Italian, German POWs housed in Mississippi camps

From the Archives
By Mary Woodward
JACKSON – This article is a follow up to last issues focus on the Pearl Harbor anniversary and Bishop Gerow’s diary accounts of the POW camp in Panola County near Como. The subject of prisoner of war camps at Christmas is a little bizarre, but perhaps it is fitting to show how kindness and compassion can be central in the midst of a terrible time.

Throughout the history of our diocese, our clergy and religious have served as chaplains and angels of mercy to those on battlefields at home and abroad. Women Religious nursed Union and Confederate soldiers during the Civil War. Father Ghislain Boheme, founding pastor of St. Michael in Paulding, accompanied a group of men from the little town as they marched with Stonewall Jackson. Boheme succumbed to the harsh conditions and died on the side of the path in Virginia.

Gen. Emil Reinhardt presents Father Peter Quinn with the Bronze Star for service and bravery on the front lines in Germany. Father Quinn was Division Chaplain of the 69th. The 69th was the first division to make contact with Soviet troops in Germany. (Photos from archives)

Father Hubert Spengler signed up for service in World War I, but fortunately he spent minimal time in the war to end all wars. Father Peter Quinn served as a chaplain in the European Theater in WWII. He received several battlefield citations for his pastoral heroism on and near the front lines in Germany.

Back home, the State of Mississippi became a housing site for Italian and German prisoners. The first of these came from the campaign in North Africa. Initially there were four main camps that housed several thousand POWs – Camp Shelby near Hattiesburg, Camp Clinton, Camp McCain near Grenada, and Camp Como mentioned above. Several smaller satellite camps and work details spawned from these. The Mississippi Department of Archives and History has loads of information on these camps.

From his 2001 article in Mississippi History Now entitled “German Prisoners of War in Mississippi, 1943-1946,” John Ray Skates describes the four camps in this way:

“Other major POW camps in Mississippi were established at Camp McCain near Grenada, Camp Como in the northern Delta, and Camp Shelby near Hattiesburg. The four base camps were large compounds designed to house large numbers of POWs. Camp McCain housed 7,700; Camp Clinton 3,400; and Camp Shelby housed 5,300. Camp Como originally held 3,800 Italian soldiers, but the Italians were soon moved out of Mississippi and replaced by a smaller number of Germans.”

In the previous column, the quotes from Bishop Gerow’s diary detailed his visit to Camp Como in 1943 to check on the Italian POWs. Bishop Gerow, who studied in Rome, would have been able to converse with the Italians. Among the POWs were not only officers and soldiers, but also four Italian Catholic priest chaplains.

Father Hubert Spengler in his chaplain’s uniform poses with Father John Burns in Gulfport in 1917.

The presence of so many Italian POWs caught the attention of the Holy See and Bishop Gerow received a letter from the Apostolic Delegate inquiring about the conditions of the camp. In a letter dated June 11, 1943, the Apostolic Delegate instructs Bishop Gerow to “see that these men have adequate religious ministration and whatever little comforts it may be possible to give them; and if the camp commander permits, that they be supplied with a radio phonograph, which the Apostolic Delegate will pay for and present in the name of the Holy Father.”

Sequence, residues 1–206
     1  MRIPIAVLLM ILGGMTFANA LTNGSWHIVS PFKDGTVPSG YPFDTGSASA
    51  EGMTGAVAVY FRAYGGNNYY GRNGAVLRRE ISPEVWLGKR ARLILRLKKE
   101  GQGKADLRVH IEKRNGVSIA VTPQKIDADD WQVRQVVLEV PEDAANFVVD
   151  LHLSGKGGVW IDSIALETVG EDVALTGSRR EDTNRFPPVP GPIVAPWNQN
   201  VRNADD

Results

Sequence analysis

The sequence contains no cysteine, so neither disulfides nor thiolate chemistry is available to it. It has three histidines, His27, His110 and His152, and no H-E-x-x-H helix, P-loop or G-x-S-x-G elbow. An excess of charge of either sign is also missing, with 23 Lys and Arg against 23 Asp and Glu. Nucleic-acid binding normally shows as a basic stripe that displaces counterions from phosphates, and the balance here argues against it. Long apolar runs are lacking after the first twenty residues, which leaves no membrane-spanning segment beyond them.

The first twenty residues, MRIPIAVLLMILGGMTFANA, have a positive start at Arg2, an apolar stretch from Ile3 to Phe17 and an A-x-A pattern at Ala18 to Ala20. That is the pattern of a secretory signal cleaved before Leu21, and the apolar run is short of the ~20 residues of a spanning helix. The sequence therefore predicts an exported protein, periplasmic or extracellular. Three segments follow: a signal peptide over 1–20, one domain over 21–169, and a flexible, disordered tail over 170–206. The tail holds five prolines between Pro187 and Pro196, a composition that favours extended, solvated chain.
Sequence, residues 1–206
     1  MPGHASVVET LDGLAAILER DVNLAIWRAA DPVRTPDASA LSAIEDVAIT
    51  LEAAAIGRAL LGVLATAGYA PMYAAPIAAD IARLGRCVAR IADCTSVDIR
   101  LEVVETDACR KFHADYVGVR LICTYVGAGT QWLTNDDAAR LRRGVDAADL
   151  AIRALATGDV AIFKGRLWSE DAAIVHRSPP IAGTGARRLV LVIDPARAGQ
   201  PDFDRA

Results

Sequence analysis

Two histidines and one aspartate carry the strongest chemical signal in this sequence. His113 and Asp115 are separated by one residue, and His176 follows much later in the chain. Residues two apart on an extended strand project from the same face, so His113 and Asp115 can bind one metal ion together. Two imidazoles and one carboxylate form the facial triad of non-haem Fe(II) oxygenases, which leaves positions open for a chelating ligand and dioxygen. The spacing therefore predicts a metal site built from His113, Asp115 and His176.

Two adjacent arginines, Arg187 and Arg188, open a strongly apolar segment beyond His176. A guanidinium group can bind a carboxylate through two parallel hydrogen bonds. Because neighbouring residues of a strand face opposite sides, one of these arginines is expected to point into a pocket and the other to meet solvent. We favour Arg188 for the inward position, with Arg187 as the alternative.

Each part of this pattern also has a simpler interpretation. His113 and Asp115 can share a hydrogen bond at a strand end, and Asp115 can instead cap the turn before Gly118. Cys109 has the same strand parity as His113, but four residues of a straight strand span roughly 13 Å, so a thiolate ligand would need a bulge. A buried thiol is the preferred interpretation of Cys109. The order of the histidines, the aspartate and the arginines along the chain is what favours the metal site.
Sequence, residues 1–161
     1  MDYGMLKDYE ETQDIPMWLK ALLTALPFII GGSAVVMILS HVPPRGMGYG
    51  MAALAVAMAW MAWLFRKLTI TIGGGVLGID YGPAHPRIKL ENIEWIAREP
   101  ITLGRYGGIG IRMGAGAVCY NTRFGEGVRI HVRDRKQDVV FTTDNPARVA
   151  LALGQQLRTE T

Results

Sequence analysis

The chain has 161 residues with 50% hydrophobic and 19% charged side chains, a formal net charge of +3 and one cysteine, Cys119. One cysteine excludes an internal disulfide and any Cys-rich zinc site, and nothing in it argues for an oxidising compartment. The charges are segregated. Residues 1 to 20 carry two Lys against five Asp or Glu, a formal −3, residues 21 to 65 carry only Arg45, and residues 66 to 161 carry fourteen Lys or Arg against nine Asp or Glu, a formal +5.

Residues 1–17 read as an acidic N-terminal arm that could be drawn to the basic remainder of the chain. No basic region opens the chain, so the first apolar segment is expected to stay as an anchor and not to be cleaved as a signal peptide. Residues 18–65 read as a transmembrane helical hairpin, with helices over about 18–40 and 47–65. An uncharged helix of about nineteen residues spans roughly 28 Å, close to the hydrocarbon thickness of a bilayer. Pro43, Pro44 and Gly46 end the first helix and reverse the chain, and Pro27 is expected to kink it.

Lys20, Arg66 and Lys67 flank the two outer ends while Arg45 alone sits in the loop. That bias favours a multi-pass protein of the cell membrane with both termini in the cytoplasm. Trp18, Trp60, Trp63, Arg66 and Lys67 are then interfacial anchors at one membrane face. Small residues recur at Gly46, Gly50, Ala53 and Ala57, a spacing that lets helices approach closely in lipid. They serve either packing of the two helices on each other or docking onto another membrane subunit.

Bishop Gerow replied in a letter dated June 19, that Father Cletus Manon, who was based in Water Valley, has visited the camp and found the four chaplains among the prisoners. Father Manon supplied them with altar stones, vestments, wine and hosts, candles and all that was necessary for Mass.

In the fall of 1943, Father Emile Rotondo, a native Italian and pastor in Cleveland, began ministering to the POWs from Como who were being used to work in the fields in the Delta. On Oct. 4, Bishop Gerow wrote the Delegate asking for permission for Father Rotondo to celebrate three Masses so he might give “proper attention to the Italian prisoners of war at Camp Como who are now in Father Rotondo’s territory picking cotton.”

The Delegate replies in a letter dated Nov. 3, granting permission. He adds he is sending prayer books, holy cards, etc., for the prisoners and asks Bishop Gerow to get two radios for the POWs once again in the name of the Holy Father.

Not long after these letters were exchanged the Italian POWs were transferred out of Mississippi and the camps were used strictly to house Germans. Pastoral care did continue, but the unique Italian connection between Pope, Apostolic Delegate, Delta pastor and prisoners was lost.

Writing about POWs and war at Christmas seems quite odd – war with all its brutality and lack of humanity. In quoting these letters and diary accounts, I have tried to reflect how our local diocesan church responded to a unique situation during the violence of world war.

O Come, O Come Emmanuel… Let us pray for peace!

(Mary Woodward is Chancellor and Archivist for the Diocese of Jackson.)